The controversy, which started as the kind of minor fuss that might have been, and probably was, anticipated by the Peri Company or at least by Tiffany herself, centered on the Peribi’s suitability and the devotion they tended to inspire. The critics approached the subject from multiple angles, identifying themselves, and drawing from their respective areas of expertise, as concerned parents, church leaders, educators, child psychologists, and media critics, who argued for various reasons that the Peribi’s influence on children should be feared. In particular, many religiously inclined critics focused on their status as idols. As early as the year of their debut Sunday school teachers and pastors passed along lessons to children warning them against these familiar spirits, agents of the devil who would leech all the attention and love they might better offer elsewhere (ideally to God). Soon critics came, too, to dwell on the etymology of the word peri, perhaps most familiar to Western audiences (if familiar at all) from translations of the One Thousand and One Nights. A peri or pari, from the Persian, is a tiny creature, typically depicted with wings and known for its stunning beauty, which is neither essentially good nor essentially bad but a kind of mischievous spirit—a fairy; in some Muslim traditions they have been elevated into benevolent divine beings. In 1998, concern was muted but palpable; several years later, after 9/11 and escalating Islamophobia, many of the Peribi’s critics grew more vocal about what they saw as the dangerous provenance of the creatures, their roles as heathen idols. Still, such criticism rarely stuck except with particular extremist groups. The Peribi thrived.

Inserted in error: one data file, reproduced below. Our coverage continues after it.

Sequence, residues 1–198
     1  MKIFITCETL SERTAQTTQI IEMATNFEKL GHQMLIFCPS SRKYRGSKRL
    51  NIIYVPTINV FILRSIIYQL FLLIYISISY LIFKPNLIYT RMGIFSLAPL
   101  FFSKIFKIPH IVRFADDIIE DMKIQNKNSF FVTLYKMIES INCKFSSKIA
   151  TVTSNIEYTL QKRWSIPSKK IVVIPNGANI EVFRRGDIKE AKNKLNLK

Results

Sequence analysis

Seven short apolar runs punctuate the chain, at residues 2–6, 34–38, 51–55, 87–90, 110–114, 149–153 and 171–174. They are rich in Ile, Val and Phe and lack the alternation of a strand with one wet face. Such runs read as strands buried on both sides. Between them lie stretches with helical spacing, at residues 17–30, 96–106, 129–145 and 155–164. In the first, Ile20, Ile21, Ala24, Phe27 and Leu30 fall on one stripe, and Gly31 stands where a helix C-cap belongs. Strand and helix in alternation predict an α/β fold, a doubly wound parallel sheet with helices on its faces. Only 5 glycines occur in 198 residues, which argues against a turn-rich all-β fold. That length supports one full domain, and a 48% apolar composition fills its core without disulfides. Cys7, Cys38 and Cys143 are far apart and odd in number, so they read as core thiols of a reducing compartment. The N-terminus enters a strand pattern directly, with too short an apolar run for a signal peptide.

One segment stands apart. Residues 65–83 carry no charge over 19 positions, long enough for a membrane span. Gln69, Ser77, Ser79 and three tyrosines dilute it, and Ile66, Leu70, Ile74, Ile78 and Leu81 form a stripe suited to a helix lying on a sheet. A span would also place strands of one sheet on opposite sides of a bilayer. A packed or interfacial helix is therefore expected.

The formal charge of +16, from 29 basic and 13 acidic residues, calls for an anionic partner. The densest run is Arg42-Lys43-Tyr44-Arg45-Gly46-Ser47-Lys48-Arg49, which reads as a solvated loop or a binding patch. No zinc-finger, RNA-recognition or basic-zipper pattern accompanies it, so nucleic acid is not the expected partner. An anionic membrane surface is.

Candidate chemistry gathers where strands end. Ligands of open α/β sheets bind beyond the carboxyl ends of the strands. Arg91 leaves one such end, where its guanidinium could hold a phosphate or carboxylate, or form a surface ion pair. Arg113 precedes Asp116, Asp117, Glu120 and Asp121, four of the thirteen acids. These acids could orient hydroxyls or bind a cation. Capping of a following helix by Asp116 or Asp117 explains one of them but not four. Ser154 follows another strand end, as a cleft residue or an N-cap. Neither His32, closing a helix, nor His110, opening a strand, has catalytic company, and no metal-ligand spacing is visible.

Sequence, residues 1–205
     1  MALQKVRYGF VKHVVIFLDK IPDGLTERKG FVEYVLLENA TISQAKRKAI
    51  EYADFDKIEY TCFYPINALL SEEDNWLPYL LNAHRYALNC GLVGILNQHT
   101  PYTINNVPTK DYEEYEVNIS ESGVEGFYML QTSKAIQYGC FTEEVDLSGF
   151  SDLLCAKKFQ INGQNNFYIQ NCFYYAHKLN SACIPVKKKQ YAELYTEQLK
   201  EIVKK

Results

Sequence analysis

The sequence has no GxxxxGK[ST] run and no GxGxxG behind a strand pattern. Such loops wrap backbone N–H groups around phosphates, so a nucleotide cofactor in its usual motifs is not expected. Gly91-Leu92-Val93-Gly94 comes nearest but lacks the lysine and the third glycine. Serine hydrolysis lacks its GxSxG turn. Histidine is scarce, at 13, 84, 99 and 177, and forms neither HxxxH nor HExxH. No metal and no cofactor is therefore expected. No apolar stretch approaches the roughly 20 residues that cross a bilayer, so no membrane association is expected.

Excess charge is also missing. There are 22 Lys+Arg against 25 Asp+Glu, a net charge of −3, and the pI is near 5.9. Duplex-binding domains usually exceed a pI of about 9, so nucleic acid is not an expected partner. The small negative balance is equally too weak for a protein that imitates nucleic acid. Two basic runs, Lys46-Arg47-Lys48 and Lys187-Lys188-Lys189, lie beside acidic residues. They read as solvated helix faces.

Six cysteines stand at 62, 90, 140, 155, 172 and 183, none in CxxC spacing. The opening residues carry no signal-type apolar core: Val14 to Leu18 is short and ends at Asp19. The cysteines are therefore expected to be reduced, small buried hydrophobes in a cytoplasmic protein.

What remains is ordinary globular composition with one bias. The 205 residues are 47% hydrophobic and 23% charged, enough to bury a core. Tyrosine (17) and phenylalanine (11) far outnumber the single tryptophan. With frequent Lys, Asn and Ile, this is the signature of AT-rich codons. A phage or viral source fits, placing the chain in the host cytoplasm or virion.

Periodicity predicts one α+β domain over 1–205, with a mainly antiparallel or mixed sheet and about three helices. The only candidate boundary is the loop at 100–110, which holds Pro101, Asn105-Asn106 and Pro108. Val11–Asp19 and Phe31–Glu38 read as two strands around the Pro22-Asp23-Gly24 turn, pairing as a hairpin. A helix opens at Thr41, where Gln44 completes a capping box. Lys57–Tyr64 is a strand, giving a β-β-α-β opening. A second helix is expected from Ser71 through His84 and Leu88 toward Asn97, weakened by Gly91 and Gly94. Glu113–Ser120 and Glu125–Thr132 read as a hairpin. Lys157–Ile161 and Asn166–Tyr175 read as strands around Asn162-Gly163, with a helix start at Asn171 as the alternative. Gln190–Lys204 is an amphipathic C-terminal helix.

Some of those involved with the Peribi’s popularity, the backlash, their long cultural lifespan, may well have lived long enough to mark the onset of multiple apocalypses. Some may have believed that they were quite right to fear the Peribi, those strange totems, struck by a curious sense of satisfaction as they saw their eschatological fantasies confirmed. To most the connection, naturally, would never have crossed their minds. One wonders what Tiffany Morley made of the end of the world, if she lived long enough to see it.

When the world turns to wasteland and we uncover one or the other of them in a heap of trash somewhere, what will we think? Should we cast them off and pray to God for safety or salvation? Should we clutch one or another to our chests, cradling it as they might a pet or child? Might we even say a prayer in hope that some tiny plastic fairy, having emerged from another world to visit ours, might provide some obscure assistance, might dole out some measure of care, before that mysterious being returns to its own far-off world, blessedly sheltered from our world as it falls?

Daniel David Froid

Daniel David Froid is a scholar, educator, and writer of strange stories who lives in Indiana. His scholarly research focuses on devils in eighteenth-century British literature, and his fiction appears in Ligeia, Coffin Bell, and Weird Horror. He teaches at Purdue University.